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How to Protect the Health of Future Generations

How to Protect the Health of Future Generations

Choices you make today impact the likelihood of obesity and addiction in your children and grandchildren.

When Joe Coleman pitched for the Philly Athletics, Baltimore Oriels and Detroit Tigers from 1942 to 1955, he could only hope his baseball talent would be passed on to the next generations of his family. Well, it was! Son, Joe Coleman pitched for 15 seasons from 1965 to 1979—a two-time 20-game winner—and today his grandson Casey Coleman is with the Cubs Triple A team in Des Moines, Iowa.

Sometimes it’s talent that’s passed down—sometimes, unfortunately, it’s health challenges such as obesity and addiction. A new study published in Translational Psychiatry explains how choices made during pregnancy and breastfeeding affect the health of future generations.

Swiss researchers fed healthy female mice a high-fat diet during pregnancy and while nursing. The repercussions showed up in three generations of their offspring (those generations didn’t eat excess fat and neither did their mates). They had changes in their brain’s dopamine-powered reward system that predisposed them to “develop obesity and addictive-like behaviors.”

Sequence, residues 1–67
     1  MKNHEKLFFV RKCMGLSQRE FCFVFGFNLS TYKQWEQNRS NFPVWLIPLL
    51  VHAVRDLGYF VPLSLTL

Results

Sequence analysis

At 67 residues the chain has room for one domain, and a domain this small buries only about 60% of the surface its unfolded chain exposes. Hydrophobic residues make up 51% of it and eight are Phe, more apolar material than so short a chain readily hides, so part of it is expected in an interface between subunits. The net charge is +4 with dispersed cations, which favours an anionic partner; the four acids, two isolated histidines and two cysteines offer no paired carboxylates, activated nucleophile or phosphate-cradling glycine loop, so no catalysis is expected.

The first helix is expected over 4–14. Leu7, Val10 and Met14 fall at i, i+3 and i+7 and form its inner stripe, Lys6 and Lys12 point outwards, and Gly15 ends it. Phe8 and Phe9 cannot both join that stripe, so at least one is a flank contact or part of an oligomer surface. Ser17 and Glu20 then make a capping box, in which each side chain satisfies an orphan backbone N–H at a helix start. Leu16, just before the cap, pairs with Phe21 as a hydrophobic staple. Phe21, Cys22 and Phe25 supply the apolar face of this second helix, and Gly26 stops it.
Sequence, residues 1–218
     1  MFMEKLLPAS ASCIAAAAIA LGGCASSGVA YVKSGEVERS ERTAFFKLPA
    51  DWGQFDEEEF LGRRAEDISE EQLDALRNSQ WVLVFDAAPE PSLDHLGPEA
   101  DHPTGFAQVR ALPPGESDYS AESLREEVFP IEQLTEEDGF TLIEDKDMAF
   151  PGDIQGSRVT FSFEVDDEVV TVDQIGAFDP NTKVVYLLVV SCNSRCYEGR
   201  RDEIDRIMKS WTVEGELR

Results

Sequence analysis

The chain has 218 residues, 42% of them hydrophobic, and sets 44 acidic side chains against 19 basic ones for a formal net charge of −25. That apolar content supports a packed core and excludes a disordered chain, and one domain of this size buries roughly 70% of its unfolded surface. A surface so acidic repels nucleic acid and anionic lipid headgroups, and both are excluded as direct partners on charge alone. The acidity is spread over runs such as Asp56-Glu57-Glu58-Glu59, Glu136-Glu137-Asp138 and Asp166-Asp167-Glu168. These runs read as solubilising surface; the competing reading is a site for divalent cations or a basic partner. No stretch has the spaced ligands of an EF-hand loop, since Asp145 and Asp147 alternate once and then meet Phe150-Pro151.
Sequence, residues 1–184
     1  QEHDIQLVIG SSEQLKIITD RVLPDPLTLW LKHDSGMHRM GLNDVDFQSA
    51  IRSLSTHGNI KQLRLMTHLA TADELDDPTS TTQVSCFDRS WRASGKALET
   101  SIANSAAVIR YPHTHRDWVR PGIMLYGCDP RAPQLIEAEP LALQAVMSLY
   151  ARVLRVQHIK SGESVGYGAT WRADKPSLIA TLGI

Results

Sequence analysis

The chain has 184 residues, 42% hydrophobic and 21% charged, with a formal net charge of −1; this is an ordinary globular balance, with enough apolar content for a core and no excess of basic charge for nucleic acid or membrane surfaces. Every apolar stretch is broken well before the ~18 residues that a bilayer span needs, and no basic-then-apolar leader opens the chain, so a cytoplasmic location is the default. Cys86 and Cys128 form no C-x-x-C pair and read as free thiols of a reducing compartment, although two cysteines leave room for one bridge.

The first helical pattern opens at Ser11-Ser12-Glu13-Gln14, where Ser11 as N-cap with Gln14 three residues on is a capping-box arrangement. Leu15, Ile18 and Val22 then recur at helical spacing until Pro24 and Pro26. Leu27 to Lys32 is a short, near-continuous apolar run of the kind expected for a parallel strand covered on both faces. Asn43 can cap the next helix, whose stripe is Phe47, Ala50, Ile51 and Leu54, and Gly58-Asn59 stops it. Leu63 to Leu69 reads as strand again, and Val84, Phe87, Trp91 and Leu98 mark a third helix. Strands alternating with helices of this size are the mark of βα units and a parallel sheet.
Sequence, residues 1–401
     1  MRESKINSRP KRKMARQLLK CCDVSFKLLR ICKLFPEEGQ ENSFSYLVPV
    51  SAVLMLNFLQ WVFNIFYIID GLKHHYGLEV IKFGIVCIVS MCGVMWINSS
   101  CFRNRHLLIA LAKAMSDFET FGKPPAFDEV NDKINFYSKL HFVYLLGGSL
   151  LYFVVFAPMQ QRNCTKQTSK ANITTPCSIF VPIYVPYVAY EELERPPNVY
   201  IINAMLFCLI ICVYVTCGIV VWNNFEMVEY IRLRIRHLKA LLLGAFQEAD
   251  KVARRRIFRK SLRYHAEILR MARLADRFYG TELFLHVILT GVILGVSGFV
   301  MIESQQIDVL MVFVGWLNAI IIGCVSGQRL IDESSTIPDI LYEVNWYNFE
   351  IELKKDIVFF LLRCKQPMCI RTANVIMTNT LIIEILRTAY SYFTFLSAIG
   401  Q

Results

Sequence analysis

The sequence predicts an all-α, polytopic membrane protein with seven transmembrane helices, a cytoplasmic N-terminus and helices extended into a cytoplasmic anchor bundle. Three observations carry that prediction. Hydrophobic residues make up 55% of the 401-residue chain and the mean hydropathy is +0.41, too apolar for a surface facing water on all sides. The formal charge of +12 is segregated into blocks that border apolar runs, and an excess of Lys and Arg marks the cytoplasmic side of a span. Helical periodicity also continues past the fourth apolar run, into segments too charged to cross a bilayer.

Seems your choices today may force your next three generations to battle obesity, addictions and the health problems associated with those conditions.

So how much and what kind of fats should you eat every day to protect your health and the health of future generations? Stick with fats in nuts, oils like extra virgin olive oil and animal proteins like salmon. Then, on a 2,000-calorie-a-day diet, aim for 20 to 35 percent of calories (400 to 700 calories or 33 to 78 grams) from those good-for-you fats. That’s good pitching and good hitting!

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